Using the PC Audio Control Center software, which comes with the headset and is exclusive to Plantronics, you can adjust numerous audio settings as well as apply various effects. Furthermore, once selected these presets are stored in non-volatile RAM within the headset, so you can move it among PCs without losing your settings.

Plantronics digital headsets also provide in-line, push-button volume level and mute controls (see graphic). These digital volume controls provide greater precision than analog wheels. Volume settings are also saved within the headset’s memory.

Because the electronic components of the Plantronics headset get their power from the USB port, no additional power supply or piggyback device is necessary.

In many ways, using a Plantronics digital headset is a lot like having an advanced sound card that you wear on your head.

All sound is by nature analog. The PC, however, processes sound in digital format. The key to high quality PC sound is to keep the audio data digital as long as possible and process it in digital form outside the interference-laden confines of the PC.

Plantronics’ digitally enhanced USB headsets do precisely this. Sound exists in analog form only where it absolutely has to be between the user and the headset module. From there on it is purely digital. Here is an example:

When you speak into the headset microphone, analog sound is converted into electrical signals. These analog signals go to the CODEC where they are converted to digital packets. They’re then modified by the DSP depending on the settings chosen, and placed on the USB bus where they travel into the computer and are used by the application.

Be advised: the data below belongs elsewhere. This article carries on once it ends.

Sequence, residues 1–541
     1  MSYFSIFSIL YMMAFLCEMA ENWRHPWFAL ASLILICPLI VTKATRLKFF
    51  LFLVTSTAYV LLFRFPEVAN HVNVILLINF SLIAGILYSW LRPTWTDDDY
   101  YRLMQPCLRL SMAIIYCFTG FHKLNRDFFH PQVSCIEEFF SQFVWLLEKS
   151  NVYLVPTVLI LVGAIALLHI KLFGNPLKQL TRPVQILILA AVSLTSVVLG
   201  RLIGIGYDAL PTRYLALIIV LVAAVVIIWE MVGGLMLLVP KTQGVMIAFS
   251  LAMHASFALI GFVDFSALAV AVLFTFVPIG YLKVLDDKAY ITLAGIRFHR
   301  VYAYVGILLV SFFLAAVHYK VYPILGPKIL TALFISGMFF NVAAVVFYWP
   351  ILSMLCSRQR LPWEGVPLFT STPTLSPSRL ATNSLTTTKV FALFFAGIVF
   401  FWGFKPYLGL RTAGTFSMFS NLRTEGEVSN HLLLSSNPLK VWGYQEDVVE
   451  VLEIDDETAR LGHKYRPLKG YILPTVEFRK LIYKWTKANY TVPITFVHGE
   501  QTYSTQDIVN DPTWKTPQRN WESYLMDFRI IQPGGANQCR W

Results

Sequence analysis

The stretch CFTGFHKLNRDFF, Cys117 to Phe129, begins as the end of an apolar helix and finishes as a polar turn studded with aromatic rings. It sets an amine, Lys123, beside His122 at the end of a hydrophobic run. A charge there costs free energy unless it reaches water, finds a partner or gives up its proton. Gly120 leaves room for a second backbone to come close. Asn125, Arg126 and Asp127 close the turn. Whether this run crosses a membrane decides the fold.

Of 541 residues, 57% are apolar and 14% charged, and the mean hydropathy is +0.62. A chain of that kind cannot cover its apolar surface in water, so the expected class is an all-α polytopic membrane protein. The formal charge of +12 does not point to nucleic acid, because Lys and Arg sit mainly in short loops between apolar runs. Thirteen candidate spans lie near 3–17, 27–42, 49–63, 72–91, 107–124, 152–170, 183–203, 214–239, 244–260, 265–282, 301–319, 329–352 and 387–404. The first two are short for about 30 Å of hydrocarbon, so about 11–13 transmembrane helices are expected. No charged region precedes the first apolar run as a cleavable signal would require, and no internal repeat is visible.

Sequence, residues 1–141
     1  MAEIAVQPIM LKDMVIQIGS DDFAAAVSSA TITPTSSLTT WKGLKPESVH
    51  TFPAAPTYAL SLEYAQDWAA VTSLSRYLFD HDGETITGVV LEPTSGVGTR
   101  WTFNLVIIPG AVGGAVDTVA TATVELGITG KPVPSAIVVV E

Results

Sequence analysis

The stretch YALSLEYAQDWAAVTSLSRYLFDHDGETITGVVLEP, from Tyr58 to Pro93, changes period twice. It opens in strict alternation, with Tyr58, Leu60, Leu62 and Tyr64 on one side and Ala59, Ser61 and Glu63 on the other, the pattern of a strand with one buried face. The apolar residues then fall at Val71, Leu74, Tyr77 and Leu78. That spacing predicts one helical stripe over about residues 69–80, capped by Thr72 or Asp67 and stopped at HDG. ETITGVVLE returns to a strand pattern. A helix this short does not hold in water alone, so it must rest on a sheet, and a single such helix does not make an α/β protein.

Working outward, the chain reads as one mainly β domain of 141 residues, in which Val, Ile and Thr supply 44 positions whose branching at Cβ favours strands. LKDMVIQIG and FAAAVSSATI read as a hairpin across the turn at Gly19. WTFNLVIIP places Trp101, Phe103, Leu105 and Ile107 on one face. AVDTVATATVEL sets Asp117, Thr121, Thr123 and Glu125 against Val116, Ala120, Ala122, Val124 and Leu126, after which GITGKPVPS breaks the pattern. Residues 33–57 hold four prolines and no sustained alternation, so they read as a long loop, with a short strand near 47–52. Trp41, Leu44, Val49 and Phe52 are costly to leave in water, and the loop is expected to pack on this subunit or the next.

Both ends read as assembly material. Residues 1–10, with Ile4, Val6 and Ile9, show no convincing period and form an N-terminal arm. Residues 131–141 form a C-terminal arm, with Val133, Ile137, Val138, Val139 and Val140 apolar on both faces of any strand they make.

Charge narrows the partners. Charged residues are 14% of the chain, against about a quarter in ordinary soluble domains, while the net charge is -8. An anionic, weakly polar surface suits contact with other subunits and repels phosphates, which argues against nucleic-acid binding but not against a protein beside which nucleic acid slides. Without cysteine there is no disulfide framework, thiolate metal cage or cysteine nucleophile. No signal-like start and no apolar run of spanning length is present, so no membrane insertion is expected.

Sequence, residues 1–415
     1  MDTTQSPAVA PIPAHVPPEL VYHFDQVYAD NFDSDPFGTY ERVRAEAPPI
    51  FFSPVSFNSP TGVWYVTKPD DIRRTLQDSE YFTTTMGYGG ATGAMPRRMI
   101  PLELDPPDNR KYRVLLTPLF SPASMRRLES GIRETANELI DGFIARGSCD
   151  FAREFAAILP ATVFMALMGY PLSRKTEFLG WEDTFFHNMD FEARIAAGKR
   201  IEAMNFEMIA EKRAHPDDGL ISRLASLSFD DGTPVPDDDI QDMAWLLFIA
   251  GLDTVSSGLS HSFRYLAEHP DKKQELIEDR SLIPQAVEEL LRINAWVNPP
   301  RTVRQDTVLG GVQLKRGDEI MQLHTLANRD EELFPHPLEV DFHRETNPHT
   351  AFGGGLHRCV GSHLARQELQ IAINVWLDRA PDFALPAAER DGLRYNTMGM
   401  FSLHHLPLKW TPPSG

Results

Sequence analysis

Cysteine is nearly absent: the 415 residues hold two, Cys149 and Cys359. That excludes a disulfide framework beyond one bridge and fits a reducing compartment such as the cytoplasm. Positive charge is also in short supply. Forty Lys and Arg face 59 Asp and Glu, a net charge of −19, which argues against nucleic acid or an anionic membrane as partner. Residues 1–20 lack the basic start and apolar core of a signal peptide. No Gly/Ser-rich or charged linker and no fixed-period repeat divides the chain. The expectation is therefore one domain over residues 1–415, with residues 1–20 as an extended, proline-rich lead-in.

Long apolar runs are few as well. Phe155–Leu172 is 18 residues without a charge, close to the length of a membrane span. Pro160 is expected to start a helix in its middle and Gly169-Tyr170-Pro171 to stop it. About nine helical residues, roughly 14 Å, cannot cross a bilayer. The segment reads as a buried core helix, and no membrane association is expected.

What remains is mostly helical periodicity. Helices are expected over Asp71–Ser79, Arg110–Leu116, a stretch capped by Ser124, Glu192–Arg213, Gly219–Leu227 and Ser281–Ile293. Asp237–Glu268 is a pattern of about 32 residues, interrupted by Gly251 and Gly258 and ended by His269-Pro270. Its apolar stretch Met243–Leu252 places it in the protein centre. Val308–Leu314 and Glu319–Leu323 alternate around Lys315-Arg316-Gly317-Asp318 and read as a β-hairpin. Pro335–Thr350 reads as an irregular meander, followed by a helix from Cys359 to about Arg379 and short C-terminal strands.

Conversely, audio data sent digitally from the PC travels via the USB to the headset and are processed by the DSP. The sound data is then converted back into the analog waves you hear through the headset speakers.

Contrast this with a conventional analog scenario, where audio data spends most of its time in analog form. A typical sound card (which again, resides in an electrically noisy environment) with a microphone and speakers attached deals with digital data only between the sound card and the PC. Once the data arrives at the sound card, after its travel through PC generated noise, it is processed and transported in analog format.

Aside from the greatly improved audio quality, utilizing a digital USB connection instead of a conventional analog one provides direct user benefits right out of the box. Analog audio devices, whether they are speakers, microphones, or headsets, all utilize a standard mini-plug. A typical sound card has three or four of these jacks in a row. Although they may look exactly the same, they are not interchangeable. In most cases, these jacks are labeled with extremely small icons that are barely discernible, and very often they are not labeled at all.

USB connectors, on the other hand, are unique and easy to identify. Although many PCs have more than one USB connector, they all behave exactly the same way, and any device can be plugged into any port. The headsets plug into a single USB port, with no more searching or guessing whether the microphone is actually in the microphone jack or in the speaker jack.

In addition, a conventional analog headset requires two one-way connections into the PC – one for the stereo speakers, and one for the microphone.

In a USB implementation, on the other hand, both input and output sound is converted into digital packets that travel back and forth across the USB bus. Therefore, only the one connection is necessary, further simplifying installation.

Another benefit of USB is that it is truly plug and play. The headset is automatically recognized and configured when you install it, and no additional steps are required. Finally, Plantronics digitally enhanced headsets are compatible with Windows 98, Windows 2000, and the Macintosh (OS 9+).